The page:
A New West crime story

When author Renko Styranka was looking for a setting for his first crime novel, he was attracted by the alleys and gritty waterfront of New Westminster. He now calls the city home. - MARIO BARTEL/NEWSLEADER
When author Renko Styranka was looking for a setting for his first crime novel, he was attracted by the alleys and gritty waterfront of New Westminster. He now calls the city home.

New Westminster spent more than 20 years trying to shed its image as an decaying urban war zone where crime lurked in every shadow.

Now that the city has become the darling of planners and real estate promoters, Renko Styranka is bringing the grit back. In the pages of his new crime novel, Char Broiled.

Styranka is a 48-year-old author whose varied career has taken him from a Zen temple in Toronto where he covered the rent by running nightclubs and hosting fetish parties, to the pounding surf at Tofino where he rode the waves and managed a campground, to the blood and mayhem of the caged octagon covering mixed martial arts for a gambling website. It’s the kind of resume that’s put him in contact with all sorts of characters, many of them less-than-upstanding citizens.

So when he sat down at the keyboard to write his first work of fiction, he had plenty of fodder upon which to build his protagonist, Char Sadao, an Afghan war vet and mixed martial arts fighter of Japanese and German heritage who’s recruited by the Canadian Security Intelligence Service to infiltrate the gang underworld. But where to set him?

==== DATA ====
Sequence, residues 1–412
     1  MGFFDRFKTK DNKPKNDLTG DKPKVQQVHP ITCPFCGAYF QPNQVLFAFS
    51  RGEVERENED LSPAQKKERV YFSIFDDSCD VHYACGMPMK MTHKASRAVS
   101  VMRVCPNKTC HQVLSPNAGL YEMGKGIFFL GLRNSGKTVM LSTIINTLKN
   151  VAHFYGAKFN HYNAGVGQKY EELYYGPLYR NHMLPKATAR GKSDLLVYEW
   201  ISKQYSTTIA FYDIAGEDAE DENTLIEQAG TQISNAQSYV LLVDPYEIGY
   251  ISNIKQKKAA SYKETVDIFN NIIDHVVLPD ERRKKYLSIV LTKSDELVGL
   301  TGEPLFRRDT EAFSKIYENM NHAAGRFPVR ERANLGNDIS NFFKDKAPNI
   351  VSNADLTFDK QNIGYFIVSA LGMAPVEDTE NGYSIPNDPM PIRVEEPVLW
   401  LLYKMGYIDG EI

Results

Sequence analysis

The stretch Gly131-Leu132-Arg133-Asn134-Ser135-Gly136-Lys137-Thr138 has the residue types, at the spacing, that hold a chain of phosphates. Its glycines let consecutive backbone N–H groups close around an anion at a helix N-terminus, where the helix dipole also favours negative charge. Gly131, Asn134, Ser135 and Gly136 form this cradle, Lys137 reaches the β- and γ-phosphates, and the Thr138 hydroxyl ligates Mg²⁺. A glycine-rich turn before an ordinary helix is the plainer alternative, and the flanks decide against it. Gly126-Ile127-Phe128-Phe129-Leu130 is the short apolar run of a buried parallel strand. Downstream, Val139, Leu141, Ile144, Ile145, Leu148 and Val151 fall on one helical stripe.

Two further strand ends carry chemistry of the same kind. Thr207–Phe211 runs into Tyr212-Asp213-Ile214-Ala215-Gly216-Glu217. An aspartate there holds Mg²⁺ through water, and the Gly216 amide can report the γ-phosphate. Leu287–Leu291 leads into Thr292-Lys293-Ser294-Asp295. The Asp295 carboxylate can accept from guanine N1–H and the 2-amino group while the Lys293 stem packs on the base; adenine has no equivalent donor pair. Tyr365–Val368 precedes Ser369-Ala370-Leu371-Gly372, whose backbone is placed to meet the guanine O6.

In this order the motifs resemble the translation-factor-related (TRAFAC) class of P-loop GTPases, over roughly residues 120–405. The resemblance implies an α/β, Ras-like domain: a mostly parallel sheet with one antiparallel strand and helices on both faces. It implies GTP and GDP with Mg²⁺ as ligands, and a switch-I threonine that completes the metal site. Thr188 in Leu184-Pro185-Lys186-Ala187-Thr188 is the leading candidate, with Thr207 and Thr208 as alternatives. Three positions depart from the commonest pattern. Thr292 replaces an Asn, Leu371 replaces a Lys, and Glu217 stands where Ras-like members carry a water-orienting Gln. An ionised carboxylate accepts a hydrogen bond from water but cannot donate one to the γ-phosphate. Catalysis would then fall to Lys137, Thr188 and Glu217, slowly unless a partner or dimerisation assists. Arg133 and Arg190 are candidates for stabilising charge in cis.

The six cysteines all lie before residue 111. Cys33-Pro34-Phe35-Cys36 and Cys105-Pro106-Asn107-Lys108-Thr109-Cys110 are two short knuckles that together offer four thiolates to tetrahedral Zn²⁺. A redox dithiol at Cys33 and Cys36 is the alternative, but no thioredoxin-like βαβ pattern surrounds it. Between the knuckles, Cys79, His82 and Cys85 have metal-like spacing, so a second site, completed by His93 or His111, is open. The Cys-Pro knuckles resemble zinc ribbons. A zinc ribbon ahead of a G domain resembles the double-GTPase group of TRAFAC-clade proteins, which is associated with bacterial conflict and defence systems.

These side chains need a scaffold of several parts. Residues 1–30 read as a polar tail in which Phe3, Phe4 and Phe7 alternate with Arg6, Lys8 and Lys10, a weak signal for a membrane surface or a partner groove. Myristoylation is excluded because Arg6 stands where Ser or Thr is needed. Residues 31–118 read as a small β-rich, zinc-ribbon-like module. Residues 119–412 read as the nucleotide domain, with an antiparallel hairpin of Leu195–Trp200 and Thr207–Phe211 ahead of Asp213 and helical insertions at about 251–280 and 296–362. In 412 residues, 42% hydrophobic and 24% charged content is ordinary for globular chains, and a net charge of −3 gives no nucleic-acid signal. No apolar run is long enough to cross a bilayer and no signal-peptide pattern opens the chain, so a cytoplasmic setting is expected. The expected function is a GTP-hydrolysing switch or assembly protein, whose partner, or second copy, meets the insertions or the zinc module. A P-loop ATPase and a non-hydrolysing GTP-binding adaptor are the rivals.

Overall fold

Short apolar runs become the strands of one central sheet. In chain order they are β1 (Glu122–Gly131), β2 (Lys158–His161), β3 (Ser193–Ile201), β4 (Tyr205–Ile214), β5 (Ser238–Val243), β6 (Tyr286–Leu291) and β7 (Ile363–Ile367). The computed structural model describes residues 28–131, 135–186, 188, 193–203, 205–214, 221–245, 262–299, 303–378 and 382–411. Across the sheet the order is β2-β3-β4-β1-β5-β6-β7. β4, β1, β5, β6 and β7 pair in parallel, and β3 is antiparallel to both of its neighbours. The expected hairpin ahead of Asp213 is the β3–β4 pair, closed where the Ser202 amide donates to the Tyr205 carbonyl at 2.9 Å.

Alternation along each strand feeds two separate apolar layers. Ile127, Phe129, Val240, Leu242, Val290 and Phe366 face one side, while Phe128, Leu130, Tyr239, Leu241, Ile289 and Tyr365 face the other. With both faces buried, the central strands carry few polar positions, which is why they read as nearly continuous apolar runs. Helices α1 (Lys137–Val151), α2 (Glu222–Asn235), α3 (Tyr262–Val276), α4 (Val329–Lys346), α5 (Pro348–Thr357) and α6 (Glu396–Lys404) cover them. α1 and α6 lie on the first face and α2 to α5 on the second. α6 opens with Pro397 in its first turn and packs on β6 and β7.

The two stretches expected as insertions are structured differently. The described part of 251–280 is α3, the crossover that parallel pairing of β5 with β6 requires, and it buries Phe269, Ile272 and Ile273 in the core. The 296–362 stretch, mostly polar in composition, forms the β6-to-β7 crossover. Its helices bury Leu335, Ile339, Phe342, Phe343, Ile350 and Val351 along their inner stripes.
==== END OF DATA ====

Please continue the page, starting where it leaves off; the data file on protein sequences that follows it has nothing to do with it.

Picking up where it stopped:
Styranka wanted a location where a bad ass could blend in, could come and go with relative ease and convenience. He wanted alleys and street life, nooks and crannies.

“Publishers are always looking for New York or Boston or L.A.,” says Styranka. But a visit with his girlfriend to New West gave him everything he was seeking.

“You can be in a different world in each part of town,” says Styranka. “It’s like a house that has a lot of rooms that have secrets. It has an edginess and tenseness to it.”

The city’s location in the centre of the Lower Mainland allows his characters to move easily between the big city and the suburbs.

The Fraser River and busy rail yards provide access to the world beyond the city limits, where the bad guys move their drugs, weapons, and people. Even New West’s classic black-and-white police cars are an allure because, says Styranka, “they look like police cars should look.”

Char Broiled is the first of a trilogy, says Styranka, and New West’s re-emergence as an urban destination will have a role is the subsequent books.

In fact, he became so enamored with the city as he was researching Char Broiled he moved here in September.

“It’s inspiring,” says Styranka. “As I live here, I’ll see things I didn’t see before.”

Becoming the backdrop for a hard-boiled crime saga may, in a way, be another touchstone in New West’s revival.

“It’s a badge,” says Styranka. “People can see the things they know and are familiar with. There’s beauty in the grit.”

Char Broiled is published by Xyster Multimedia Art and is available through Amazon and other booksellers. A percentage of royalties will be donated to programs benefitting fallen soldiers and their families.


We encourage an open exchange of ideas on this story's topic, but we ask you to follow our guidelines for respecting community standards. Personal attacks, inappropriate language, and off-topic comments may be removed, and comment privileges revoked, per our Terms of Use. Please see our FAQ if you have questions or concerns about using Facebook to comment.

You might like ...

Community Events, April 2015

Add an Event